Through their laws on citizenship and electoral rights, states determine who belongs to the people in whose name they govern and for whom they assume responsibility vis-à-vis other states. Citizenship is thus a fundamental feature of the international state system and is frequently contested in domestic and international politics. GLOBALCIT is a programme committed to fact-based and non-partisan analysis of citizenship laws and policies around the globe.

As of 1 January 2017 GLOBALCIT is part of the Global Governance Programme and the successor of EUDO Citizenship, which started in 2009 with an initial focus on citizenship laws in the EU Member States and gradually expanded its thematic and geographic scope. The new name reflects the Observatory’s worldwide coverage.

GLOBALCIT addresses the need to understand the varieties of citizenship laws and policies in a globalised world, where national perspectives no longer suffice to explain the transformations of membership. It provides reliable and comparative data on the content, causes and consequences of the laws that govern the acquisition and loss of citizenship and the franchise. It enables scholars, policy-makers, and the general public to critically analyse how citizenship connects people across international borders.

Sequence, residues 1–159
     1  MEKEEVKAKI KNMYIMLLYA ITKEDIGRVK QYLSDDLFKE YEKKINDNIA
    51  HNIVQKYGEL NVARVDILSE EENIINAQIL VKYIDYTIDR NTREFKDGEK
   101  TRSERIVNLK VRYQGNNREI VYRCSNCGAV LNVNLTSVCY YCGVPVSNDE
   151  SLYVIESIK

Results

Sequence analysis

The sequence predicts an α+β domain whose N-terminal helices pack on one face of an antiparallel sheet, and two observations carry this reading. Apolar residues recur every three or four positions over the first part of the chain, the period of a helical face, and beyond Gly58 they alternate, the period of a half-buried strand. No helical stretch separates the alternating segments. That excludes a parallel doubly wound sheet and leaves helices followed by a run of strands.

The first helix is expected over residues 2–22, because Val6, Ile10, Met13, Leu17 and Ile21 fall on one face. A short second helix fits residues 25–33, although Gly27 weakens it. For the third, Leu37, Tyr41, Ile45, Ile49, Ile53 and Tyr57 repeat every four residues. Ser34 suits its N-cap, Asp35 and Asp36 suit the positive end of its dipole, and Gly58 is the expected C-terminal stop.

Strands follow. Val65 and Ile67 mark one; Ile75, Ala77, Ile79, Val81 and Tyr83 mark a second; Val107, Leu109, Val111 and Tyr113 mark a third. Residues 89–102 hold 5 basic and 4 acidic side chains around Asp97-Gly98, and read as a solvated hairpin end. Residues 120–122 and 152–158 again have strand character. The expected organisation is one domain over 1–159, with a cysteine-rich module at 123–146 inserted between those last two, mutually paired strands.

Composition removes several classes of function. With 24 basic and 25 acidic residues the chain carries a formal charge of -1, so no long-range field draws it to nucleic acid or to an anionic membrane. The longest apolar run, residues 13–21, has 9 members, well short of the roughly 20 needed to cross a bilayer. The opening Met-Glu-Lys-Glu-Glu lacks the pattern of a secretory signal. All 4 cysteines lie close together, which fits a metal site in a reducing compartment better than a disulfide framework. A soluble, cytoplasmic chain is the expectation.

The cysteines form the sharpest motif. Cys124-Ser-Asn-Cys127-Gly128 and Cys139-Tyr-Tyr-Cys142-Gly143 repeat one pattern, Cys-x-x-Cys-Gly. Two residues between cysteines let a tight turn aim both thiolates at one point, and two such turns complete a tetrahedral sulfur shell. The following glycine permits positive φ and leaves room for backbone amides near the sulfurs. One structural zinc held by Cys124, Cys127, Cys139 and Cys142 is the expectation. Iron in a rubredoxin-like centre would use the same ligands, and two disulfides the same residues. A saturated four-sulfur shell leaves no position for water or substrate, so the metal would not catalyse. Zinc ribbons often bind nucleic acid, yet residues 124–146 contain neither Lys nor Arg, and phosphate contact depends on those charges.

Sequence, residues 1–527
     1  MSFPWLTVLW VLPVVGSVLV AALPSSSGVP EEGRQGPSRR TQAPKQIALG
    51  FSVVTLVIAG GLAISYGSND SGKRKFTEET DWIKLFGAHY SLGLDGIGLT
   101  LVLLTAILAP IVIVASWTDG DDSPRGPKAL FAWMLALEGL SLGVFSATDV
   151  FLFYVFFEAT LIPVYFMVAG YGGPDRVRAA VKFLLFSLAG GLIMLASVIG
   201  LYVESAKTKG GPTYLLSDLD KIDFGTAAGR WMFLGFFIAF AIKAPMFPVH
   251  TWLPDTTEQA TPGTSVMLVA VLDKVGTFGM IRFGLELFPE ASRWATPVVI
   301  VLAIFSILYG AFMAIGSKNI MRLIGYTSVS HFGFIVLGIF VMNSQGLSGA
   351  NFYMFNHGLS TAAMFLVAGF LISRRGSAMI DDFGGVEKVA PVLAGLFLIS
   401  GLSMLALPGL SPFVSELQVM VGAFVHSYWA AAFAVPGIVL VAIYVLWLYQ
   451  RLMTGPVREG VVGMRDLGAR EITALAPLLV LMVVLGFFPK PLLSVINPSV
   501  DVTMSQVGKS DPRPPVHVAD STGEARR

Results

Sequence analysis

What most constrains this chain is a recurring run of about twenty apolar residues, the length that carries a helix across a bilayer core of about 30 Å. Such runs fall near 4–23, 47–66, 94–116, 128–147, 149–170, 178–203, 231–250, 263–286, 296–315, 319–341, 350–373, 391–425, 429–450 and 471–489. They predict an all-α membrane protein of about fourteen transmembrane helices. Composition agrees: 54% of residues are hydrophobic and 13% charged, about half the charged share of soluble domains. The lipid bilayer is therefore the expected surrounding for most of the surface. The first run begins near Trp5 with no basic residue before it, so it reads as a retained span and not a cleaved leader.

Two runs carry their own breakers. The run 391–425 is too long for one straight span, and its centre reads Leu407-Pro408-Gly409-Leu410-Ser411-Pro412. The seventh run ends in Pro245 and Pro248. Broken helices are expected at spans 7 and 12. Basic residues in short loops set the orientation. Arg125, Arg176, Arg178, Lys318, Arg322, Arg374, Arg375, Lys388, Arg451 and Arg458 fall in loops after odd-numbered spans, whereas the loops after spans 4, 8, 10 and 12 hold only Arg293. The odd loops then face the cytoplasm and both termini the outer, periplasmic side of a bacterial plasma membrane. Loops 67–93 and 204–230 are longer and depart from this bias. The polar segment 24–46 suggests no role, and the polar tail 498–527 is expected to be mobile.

GLOBALCIT publishes databases, analyses, indicators and debates on citizenship status and electoral rights. It relies on a large international network of country experts who write country reports, collect legal documents and provide input for our comparative databases. Its user-friendly interactive tools enable the comparison of data across countries and over time.

GLOBALCIT brings together the expertise of the European University Institute’s Global Governance Programme (GGP), the University of Edinburgh and the Maastricht Center for Citizenship, Migration and Development (MACIMIDE). They are represented by the three co-directors of the observatory, Rainer Bauböck, Jo Shaw and Maarten Vink.

GLOBALCIT will build on EUDO Citizenship projects supported by research grants from the European Commission, the European Parliament and the British Academy. Project collaborations included the University College Dublin, the Migration Policy Group and the Centre for European Policy Studies in Brussels, UNHCR, the OSCE High Commissioner on National Minorities and Office for Democratic Institutions and Human Rights. GLOBACIT will further explore partnerships with other European and international organisations that contribute to our goal of promoting research on citizenship around the globe.


GLOBALCIT at a glance: 2019 Fact Sheet



The European Commission supports the EUI through the European Union budget.